After a hike to Heliotrope Ridge that yielded stunning views of the Coleman Glacier carving its way down the north-western slopes of Mount Baker, I had no expectations of seeing something as photo-worthy. And yet as we drove away from the parking lot, a gap in the trees opened up to reveal an uninterrupted view straight up to the summit, illuminated from the side by the last warm light of the afternoon.

We dashed off a handful of photos using the telephoto lens, alternating between ISO 400 and 800 to ensure reasonable shutter speeds to work around the iffy image stabilization (I’ve learned the hard way that it’s better to get a sharp noisy image than a blurry clean one). It’s rare, but sometimes I do pre-visualize a particular crop when I size up a scene. In this case, I felt an Instagram-friendly square crop would easily work with the shape of the summit, the amount of light and shadow, and the wall of snow-specked rock angling down and sweeping to the left.

That’s not to say that the original aspect ratio was not a pleasing photo: the (nearly) full image is up on our Flickr account:
Heliotrope Ridge, 11 Nov 2018
Sometimes multiple images can be had from a single photo and I’ve had a few instances where I can’t decide which crop or processing settings I prefer. One way of approaching the decision is to to decide which story I want the picture to tell. As one of the photographers I follow on YouTube says, make the picture about something, rather than of something.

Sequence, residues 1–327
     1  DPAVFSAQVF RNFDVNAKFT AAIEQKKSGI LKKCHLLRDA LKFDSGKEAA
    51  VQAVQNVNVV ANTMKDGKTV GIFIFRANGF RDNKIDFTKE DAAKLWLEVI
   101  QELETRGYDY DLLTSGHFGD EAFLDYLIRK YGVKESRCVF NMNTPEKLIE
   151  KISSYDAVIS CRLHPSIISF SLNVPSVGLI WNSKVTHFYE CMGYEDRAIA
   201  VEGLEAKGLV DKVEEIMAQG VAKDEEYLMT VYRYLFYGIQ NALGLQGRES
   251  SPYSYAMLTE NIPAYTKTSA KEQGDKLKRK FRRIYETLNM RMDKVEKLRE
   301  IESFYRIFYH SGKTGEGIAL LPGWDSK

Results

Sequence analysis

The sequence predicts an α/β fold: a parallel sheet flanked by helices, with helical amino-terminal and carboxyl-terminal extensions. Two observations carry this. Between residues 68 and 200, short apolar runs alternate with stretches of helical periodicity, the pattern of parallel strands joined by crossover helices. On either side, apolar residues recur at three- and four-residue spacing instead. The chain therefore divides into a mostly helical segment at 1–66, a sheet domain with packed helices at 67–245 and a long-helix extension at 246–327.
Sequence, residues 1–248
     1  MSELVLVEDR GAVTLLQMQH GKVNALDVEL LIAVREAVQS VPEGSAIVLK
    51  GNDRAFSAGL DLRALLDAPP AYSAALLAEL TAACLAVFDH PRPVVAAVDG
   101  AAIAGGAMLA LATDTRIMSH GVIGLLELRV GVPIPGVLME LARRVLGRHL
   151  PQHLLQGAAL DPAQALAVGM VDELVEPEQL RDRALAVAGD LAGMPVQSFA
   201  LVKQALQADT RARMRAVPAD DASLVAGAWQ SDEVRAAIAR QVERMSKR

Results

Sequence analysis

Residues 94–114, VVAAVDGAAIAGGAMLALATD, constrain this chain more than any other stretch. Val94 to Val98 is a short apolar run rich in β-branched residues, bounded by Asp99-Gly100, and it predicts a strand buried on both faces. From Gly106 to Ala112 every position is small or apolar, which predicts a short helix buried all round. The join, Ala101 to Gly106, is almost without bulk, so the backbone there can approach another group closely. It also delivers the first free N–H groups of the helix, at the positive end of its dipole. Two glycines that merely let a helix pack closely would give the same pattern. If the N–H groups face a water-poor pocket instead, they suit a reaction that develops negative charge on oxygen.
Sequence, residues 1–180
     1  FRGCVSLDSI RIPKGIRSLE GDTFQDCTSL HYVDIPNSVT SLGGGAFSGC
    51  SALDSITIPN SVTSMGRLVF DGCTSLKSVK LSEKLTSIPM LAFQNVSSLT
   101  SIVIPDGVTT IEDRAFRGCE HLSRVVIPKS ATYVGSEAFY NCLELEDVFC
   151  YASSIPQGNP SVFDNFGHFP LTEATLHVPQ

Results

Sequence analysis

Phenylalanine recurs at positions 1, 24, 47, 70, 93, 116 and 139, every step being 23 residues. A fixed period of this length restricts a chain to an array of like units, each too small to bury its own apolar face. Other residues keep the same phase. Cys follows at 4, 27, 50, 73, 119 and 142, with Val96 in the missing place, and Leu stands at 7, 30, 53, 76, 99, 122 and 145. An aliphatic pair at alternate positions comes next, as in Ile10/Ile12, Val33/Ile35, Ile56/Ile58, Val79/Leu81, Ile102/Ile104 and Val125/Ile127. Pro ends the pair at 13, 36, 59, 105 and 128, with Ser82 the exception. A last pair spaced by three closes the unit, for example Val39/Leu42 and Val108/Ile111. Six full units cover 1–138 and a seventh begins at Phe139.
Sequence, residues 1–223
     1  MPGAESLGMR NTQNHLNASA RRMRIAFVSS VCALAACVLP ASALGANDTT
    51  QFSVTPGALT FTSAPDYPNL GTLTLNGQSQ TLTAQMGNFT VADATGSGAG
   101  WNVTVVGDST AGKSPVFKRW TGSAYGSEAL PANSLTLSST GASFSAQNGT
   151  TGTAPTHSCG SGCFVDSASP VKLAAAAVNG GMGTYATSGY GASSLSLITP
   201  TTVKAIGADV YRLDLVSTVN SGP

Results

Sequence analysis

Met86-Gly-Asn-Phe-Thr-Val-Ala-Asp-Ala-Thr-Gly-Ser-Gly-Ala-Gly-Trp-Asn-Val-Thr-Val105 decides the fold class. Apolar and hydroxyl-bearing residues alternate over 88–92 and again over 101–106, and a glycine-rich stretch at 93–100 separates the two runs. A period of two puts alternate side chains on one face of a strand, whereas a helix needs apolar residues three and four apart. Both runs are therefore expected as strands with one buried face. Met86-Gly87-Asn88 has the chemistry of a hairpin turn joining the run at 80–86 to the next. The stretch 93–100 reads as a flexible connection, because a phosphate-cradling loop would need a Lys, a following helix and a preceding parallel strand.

But it’s fine (and indeed probably desirable) to create all those different images and let them gel for a while to see which one has lasting appeal. In some cases the answer is all of them, and in others it’s none!

For this photo, I don’t yet know. I still like them both.

Mamquam Framed

Mamquam Mountain framed.

The minute I saw Mamquam Mountain over to the east of our lunch spot on an open rocky bluff I knew I had to find a way to capture it. And it didn’t take long. I noticed the tree on the upper right with its arching canopy and decided to make that the top of a frame to give the mountain some context. After all, it’s a long way off (20 km) and while distant mountains are nice to look at, they don’t always make interesting photos.

All that I had to do to complete my framing was to gain a little more height so I could get an unobstructed view the icefield on the mountain. Thankfully it didn’t take much, and I was able to do it safely without venturing anywhere near the steep drop-off. The trees have the added benefit of obscuring some of the logging roads and clearcuts on the intervening slopes.

Back home I knew a square crop would work. Apart from that, the only other change I made was to apply a warming filter to the shady part of the rock to take out some of the blue in the shadows. Very simple, and I’m really happy with the result.